Inflammation of the stomach lining
Gastritis, or inflammation of the stomach, can cause a variety of symptoms in pets. Signs may include:
- Vomiting: Can range from frequent or persistent episodes of vomiting to intermittent “on and off” instances
- Excessive drooling
- Loss of appetite or decreased food intake
- Abdominal pain or discomfort: Observe if your pet displays signs of abdominal pain, such as restlessness, pacing, or a hunched posture
- Diarrhea or loose, watery stools
- Dehydration: If your pet is vomiting or having diarrhea, they may become dehydrated. Look for signs such as increased thirst or dry gums.
- Lethargy or decreased activity level
- Unexplained weight loss
Gastritis can sometimes be a sign of a larger problem such as Pancreatitis, Kidney Disease, or a Foreign Body Ingestion. If you notice any of these signs or if you have concerns about your pet's health, it's essential to consult with your veterinarian.
When you visit your veterinarian for concerns related to gastritis, the following may occur:
- History review: They will review your pet's medical history and discuss details about your pet's symptoms, duration and pattern of occurrence, and any potential triggers or dietary changes.
- Physical examination: The veterinarian will perform a thorough physical examination of your pet, checking for any abnormalities, particularly in the abdomen.
- Diagnostic testing: Diagnostic testing such as blood tests, fecal examination, and imaging (such as X-rays or ultrasound) may be recommended to evaluate the gastrointestinal tract and to rule out other underlying conditions such as foreign body ingestion. Advanced diagnostics may be discussed in cases of chronic gastritis.
- Treatment options: Treatment options for gastritis can vary depending on the severity or underlying cause. It may involve dietary changes, medication to reduce stomach acid or inflammation, and symptomatic management to alleviate symptoms.
- Follow-up care: Your veterinarian will discuss a follow-up plan, which may involve regular monitoring, additional tests, or adjustments to the treatment regimen.
Your veterinary healthcare team will partner with you to decide which treatment option is best for your pet's and your family’s specific condition and situation.
Here are some things you can do at home to prevent gastritis:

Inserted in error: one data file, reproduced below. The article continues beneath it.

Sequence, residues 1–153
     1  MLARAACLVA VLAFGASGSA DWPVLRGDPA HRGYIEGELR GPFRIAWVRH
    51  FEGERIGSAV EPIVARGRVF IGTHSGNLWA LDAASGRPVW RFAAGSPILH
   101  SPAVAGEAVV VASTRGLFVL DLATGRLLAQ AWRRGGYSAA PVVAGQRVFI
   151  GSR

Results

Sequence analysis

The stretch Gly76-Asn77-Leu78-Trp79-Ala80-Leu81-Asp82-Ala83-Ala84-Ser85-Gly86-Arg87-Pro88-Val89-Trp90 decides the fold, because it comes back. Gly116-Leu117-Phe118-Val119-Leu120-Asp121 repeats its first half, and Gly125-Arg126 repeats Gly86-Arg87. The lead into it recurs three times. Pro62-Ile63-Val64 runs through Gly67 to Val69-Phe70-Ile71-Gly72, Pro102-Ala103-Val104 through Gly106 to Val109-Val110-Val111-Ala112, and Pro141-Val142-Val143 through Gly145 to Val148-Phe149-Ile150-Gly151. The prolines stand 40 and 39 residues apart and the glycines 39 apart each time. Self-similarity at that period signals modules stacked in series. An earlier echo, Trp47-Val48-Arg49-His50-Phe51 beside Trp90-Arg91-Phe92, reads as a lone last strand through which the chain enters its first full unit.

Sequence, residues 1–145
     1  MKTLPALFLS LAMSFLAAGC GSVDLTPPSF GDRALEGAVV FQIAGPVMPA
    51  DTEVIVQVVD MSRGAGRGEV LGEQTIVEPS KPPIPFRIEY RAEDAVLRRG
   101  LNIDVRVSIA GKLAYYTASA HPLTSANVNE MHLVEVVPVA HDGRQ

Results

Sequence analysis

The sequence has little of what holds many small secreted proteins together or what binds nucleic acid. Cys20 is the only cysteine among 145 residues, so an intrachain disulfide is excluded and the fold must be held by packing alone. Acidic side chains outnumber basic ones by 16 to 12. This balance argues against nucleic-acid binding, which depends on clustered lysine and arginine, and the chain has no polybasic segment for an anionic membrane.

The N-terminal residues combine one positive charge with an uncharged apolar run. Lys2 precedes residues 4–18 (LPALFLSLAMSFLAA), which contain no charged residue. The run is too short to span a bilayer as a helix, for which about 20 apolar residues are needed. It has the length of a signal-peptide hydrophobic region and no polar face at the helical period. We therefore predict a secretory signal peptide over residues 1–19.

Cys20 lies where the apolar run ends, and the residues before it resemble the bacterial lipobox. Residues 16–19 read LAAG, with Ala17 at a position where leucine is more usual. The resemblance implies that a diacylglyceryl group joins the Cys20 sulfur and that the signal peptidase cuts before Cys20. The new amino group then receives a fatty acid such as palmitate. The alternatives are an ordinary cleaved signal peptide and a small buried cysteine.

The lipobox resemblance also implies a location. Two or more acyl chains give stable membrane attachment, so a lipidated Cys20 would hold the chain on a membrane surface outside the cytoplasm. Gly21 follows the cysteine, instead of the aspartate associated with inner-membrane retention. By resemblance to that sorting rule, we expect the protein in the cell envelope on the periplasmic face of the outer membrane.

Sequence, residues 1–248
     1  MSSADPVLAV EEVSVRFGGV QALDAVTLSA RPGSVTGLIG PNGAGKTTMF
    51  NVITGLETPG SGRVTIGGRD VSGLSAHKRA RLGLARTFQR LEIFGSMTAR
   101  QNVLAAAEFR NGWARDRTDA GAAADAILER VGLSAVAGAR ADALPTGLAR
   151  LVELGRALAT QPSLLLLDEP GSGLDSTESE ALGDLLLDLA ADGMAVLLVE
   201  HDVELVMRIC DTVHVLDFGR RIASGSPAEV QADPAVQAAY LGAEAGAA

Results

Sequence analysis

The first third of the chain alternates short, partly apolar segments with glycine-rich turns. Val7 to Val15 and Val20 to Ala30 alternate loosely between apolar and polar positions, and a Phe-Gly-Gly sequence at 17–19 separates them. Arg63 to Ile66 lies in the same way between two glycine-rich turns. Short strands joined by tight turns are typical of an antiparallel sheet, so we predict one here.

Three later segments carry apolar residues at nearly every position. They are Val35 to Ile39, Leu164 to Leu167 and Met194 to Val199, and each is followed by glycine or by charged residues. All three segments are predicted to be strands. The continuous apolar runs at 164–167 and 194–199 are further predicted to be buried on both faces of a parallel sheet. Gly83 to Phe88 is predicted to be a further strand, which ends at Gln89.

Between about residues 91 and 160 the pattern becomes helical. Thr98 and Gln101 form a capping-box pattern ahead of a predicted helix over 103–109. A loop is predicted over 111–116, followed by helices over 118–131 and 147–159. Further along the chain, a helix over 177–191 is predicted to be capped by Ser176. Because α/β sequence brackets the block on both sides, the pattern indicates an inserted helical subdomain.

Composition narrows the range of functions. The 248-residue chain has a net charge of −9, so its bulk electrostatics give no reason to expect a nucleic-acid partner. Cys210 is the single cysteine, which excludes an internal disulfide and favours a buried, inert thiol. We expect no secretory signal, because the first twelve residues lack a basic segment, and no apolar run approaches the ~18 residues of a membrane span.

- Provide a balanced and appropriate diet: Feed your pet a high-quality, balanced diet that meets their nutritional needs. Consult with your veterinarian to determine the best diet for your pet's specific requirements.
- Avoid sudden dietary changes: Gradually introduce any changes to your pet's diet to minimize the risk of stomach upset.
- Avoid giving table scraps or inappropriate foods: Human food, especially spicy, fatty, or toxic foods, can contribute to gastritis in pets. Stick to a diet suitable for pets and avoid sharing table scraps.
- Secure garbage and keep foreign objects out of reach: Ensure that garbage bins are securely closed and not easily accessible to your pet. Make sure that your pet does not have access to small objects (e.g., socks, children’s toys) that could be swallowed and cause irritation or blockage.
- Maintain a calm and stress-free environment: Minimize stress in your pet's environment, as stress can contribute to gastrointestinal issues.
- Regular veterinary check-ups: Schedule routine veterinary check-ups to monitor your pet's overall health and detect any early signs of other conditions.
Consult with your veterinarian for personalized advice and guidance on preventing gastritis in your pet. They can provide tailored recommendations based on your pet's specific needs and medical history.
Please note that the information provided here is not a substitute for professional veterinary advice. If you suspect your pet has gastritis or any other health concerns, consult your veterinarian for proper diagnosis and treatment.